Wednesday, July 30, 2014

10 Things You May Not Know about Binge Watching

Binge watching has become a new norm and the negative connotation of a "couch potato" is fading along with the term itself. The term came from Urban Dictionary and used to refer to watching a TV series on DVD in succession. Now the term has changed to include watching online on sites such as Netflix or Hulu for days on end.

Earlier this year,Theresa Pepe, VP of Ad Sales Research at Nickelodeon, told us, "binge and TSV will continue having an impact on networks.  The overall time it takes to gauge a show or network’s performance no longer fits into a 3 or 7 day window."

We're keeping an eye on how binge viewing and marathon TV watching is changing the game for media companies, advertisers and show creators.

The trends and changes in media consumption habits binge viewing, companion devices, social TV, cord cutting, the new watercooler - are challenges you face every day. Not only do you need to understand how media is being consumed, but also how to better engage with consumers on all screens wherever they are watching.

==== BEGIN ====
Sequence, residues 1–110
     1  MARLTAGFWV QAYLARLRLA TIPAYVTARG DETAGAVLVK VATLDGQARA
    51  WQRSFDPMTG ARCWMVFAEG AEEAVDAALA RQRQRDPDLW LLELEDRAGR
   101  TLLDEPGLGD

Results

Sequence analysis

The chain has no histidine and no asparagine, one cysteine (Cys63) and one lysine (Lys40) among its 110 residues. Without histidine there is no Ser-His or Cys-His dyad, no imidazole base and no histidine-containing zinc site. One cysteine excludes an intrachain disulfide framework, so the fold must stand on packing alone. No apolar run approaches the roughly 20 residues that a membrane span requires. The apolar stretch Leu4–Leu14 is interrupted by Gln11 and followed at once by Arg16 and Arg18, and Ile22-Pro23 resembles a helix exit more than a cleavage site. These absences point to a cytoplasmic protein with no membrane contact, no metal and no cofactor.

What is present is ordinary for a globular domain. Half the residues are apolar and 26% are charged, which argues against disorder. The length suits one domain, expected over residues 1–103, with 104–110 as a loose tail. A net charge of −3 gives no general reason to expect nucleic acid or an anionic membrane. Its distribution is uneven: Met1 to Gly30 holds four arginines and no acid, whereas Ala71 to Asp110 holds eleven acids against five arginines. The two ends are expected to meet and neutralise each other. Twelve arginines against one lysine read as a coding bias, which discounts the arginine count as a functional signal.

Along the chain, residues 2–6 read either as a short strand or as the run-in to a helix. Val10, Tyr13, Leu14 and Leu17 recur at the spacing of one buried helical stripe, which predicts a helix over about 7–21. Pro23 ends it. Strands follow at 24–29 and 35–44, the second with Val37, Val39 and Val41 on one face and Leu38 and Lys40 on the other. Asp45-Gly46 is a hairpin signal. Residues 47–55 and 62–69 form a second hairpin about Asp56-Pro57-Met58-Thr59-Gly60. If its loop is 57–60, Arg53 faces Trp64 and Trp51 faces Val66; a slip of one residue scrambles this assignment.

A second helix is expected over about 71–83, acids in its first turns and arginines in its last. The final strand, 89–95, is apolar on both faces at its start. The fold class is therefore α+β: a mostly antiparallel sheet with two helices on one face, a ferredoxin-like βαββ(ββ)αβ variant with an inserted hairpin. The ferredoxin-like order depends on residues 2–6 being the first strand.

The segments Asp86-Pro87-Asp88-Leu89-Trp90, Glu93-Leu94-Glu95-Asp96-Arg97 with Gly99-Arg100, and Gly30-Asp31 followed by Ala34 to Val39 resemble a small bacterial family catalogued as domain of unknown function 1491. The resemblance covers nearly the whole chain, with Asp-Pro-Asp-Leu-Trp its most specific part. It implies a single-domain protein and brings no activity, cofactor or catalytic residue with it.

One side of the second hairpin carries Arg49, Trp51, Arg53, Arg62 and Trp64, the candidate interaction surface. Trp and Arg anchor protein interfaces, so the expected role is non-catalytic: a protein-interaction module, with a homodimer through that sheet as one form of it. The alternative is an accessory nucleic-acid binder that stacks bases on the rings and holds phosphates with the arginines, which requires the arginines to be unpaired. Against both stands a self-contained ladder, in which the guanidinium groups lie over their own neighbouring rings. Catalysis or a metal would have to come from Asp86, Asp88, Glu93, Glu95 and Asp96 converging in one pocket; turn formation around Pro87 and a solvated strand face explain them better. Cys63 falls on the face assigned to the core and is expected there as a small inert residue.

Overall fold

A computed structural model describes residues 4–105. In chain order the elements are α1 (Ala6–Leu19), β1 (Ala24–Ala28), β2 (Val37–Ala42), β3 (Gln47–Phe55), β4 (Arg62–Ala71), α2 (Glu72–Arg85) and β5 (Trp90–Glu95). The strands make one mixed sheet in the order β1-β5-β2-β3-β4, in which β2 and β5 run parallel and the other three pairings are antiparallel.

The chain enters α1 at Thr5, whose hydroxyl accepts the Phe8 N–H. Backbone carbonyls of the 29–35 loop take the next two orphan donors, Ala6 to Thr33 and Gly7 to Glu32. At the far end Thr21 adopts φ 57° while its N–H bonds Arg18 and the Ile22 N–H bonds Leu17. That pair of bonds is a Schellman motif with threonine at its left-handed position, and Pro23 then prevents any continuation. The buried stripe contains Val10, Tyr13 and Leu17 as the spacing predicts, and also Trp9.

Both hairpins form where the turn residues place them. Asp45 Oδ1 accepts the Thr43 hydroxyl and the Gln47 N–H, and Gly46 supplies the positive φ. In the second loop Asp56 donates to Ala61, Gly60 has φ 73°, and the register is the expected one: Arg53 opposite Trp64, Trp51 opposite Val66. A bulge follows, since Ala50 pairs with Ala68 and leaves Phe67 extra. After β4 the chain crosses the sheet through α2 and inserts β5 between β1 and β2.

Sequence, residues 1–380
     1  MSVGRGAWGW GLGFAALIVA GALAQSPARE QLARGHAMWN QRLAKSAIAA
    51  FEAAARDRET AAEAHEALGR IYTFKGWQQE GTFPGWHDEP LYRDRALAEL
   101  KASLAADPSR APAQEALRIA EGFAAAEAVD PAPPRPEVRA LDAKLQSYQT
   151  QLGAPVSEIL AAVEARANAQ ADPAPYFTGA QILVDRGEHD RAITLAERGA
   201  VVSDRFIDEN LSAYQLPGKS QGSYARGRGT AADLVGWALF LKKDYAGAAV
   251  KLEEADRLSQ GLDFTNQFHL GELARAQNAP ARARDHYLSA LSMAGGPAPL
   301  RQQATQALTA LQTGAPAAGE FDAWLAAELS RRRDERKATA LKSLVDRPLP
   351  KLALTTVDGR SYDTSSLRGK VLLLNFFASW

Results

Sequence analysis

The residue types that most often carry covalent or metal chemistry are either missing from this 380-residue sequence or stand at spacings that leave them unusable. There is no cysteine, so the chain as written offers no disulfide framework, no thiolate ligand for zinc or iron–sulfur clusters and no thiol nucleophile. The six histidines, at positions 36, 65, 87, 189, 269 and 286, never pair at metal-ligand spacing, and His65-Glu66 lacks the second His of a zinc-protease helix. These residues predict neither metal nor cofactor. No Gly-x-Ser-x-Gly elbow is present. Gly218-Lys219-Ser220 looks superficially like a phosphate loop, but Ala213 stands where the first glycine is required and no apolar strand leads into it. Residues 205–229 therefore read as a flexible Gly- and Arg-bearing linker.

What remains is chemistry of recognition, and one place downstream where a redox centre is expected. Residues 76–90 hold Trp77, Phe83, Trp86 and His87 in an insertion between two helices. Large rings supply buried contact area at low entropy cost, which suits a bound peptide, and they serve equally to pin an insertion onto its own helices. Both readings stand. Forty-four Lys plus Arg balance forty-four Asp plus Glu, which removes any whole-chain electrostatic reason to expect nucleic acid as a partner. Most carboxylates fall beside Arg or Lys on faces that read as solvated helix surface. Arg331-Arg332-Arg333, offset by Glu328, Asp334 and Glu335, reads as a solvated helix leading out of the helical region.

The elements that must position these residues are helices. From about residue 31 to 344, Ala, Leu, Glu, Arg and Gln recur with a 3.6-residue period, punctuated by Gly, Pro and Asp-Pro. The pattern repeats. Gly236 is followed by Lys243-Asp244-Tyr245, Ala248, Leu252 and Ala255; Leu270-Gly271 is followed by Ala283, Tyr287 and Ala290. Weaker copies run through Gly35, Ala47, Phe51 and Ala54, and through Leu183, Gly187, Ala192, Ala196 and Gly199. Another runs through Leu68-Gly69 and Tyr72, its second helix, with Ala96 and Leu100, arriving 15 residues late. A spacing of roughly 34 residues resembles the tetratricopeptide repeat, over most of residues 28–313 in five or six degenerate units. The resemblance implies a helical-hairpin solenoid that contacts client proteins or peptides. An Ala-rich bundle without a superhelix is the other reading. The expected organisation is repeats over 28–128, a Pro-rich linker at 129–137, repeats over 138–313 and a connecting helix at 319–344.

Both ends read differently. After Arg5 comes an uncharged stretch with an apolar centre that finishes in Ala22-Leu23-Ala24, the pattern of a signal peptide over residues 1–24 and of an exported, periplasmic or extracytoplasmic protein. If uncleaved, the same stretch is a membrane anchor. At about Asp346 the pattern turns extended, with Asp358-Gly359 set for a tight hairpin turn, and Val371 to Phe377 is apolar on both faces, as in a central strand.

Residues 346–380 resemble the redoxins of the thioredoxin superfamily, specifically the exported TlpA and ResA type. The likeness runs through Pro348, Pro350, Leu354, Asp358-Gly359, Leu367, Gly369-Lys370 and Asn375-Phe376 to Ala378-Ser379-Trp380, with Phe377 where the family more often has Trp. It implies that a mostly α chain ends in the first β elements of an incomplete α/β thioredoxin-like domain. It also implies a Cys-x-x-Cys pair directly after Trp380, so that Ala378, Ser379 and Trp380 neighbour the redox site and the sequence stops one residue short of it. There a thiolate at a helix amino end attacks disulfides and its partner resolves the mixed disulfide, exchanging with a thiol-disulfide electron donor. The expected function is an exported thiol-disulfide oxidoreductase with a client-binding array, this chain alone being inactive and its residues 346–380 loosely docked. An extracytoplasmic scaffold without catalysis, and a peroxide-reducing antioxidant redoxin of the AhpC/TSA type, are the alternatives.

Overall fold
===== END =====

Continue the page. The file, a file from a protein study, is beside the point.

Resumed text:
Here are a few things about binge watching you may not realize:

1. 51% of streamers prefer to watch with at least one other person

2. People Average 2-3 hours per session

3. 91% of people admit binge watching is a common behavior

4. One third of people said "binge-watching" is a negative term. This is down from 53% in 2013

5. Americans spend 2.8 hours of free time watching TV which is significantly more than 43 minutes of socializing which is the next closest activity

6. About 670,000 Netflix watchers watched the entire season of "House of Cards" the weekend it came out, about 2% of total Netflix subscribers

7. 79% of viewers say binge watching actually makes the show better

8. 75% of respondents in a survey watched an entire series in 30 days

9. It would take you 6 days and 2 hours to binge watch the entire "24" series.

10. For every two hours after the first hour of watching TV in a day, you are 44% more likely to die from heart disease or stroke, according to a study

About the Author:

Ryan Polachi is a contributing writer concentrating his focus on Marketing, Finance and Innovation. He can be reached at rpolachi@iirusa.com.

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